• I have a house, which let me help a friend who would have been homeless until she got back on her feet

And looking forward, Bobbi added, “I will be really grateful if the powers that be could send me — sing in your best Queen/Freddie Mercury voice here — somebody to love.”

Peggy Fujimura of Pahoa, Hawaii, found somebody to love — her first grandchild, born in August.

Earlier in the year, Fujimura traveled for a month with the 17-year-old daughter of a friend. The two visited six countries and spent a “fantastic weekend” in New York City. “Emma crammed in a week’s worth of tourism there,” Fujimura recalled. They meandered through three museums, went to Rockefeller Center and the Top of the Rock, saw the Empire State Building at night, took a ferry to Hoboken to eat where Cake Boss is filmed, saw a Broadway play and walked across the Brooklyn Bridge.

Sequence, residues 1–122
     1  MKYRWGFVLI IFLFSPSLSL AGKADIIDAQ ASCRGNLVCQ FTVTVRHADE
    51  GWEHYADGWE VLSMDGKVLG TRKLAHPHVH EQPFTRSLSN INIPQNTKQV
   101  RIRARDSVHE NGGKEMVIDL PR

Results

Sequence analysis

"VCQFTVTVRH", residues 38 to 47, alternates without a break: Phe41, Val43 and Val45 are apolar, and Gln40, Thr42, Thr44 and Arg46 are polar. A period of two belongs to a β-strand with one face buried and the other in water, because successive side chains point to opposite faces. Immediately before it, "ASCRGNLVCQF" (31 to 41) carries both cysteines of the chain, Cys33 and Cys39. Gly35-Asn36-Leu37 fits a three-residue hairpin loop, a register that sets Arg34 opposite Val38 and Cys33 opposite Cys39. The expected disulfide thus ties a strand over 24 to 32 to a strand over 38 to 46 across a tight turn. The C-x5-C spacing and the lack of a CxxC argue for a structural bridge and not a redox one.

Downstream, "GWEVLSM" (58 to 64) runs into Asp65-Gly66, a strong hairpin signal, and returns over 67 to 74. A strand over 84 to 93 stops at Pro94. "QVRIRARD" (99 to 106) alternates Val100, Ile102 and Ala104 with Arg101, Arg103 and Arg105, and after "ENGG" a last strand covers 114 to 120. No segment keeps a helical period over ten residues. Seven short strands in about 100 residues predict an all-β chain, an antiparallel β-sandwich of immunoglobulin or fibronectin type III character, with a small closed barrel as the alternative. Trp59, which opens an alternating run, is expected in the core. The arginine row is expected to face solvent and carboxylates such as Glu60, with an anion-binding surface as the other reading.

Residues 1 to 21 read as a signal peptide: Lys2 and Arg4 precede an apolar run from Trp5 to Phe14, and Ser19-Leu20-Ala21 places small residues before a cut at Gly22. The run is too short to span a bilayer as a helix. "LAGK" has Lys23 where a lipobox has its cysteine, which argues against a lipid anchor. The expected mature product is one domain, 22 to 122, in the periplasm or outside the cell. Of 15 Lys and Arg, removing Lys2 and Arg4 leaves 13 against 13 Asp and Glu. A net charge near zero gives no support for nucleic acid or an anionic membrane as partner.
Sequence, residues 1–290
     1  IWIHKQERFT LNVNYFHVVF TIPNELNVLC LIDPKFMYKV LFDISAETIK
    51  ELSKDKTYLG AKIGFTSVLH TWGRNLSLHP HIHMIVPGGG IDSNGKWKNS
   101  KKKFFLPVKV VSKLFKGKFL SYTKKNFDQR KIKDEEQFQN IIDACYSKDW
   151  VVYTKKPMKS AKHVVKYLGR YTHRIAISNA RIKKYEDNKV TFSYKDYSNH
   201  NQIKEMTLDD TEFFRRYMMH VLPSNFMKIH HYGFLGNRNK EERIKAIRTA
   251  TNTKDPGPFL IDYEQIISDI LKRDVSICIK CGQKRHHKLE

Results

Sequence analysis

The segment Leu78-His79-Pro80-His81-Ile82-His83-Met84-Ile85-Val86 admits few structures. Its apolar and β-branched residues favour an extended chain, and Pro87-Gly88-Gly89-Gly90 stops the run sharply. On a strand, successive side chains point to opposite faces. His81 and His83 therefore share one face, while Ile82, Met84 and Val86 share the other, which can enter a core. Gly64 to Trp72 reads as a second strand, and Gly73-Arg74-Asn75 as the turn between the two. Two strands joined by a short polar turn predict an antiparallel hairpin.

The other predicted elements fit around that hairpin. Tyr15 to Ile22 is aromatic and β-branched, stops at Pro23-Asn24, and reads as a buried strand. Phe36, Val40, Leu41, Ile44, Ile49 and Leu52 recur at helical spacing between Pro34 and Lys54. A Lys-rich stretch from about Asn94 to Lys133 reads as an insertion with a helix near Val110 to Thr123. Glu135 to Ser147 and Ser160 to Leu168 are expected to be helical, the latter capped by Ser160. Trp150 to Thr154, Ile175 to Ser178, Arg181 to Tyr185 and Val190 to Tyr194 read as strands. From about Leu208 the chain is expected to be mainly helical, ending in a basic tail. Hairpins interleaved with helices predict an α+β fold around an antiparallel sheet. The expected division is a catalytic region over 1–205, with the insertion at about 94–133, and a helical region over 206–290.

A March, Mount Everest and Family Gatherings 

What has stuck with Shannon Koger is a trip she made in January. “I was gratified and filled with pride to take part in the Women’s March held in Washington, D.C.,” said Koger, who lives in New York City. “What I’m most grateful for in 2017 is America’s citizens standing up and resisting.”

Nancy Reighter Strauss, of Santa Fe, N.M., agreed. “In the year that included my 70th birthday and my 30th wedding anniversary, one memory rises above all the others. I was so proud to be among the hundreds of thousands of women and men who participated in the Women’s March.”

The second day of the march coincided with the first anniversary of the death of her mother. “I carried her handkerchief next to my heart. On it, I had written her name along with the names of over 60 friends and family who were with me in spirit. It was a day I will never forget,” Strauss said.

Avis Meyer will never forget turning 75 in Kathmandu, far from his home in southwest St. Louis County. With his wife, Anna Marie, Meyer booked a 40-minute flight high above the clouds in hopes of a peek at a world-famous Nepalese peak: Mount Everest. And he got it.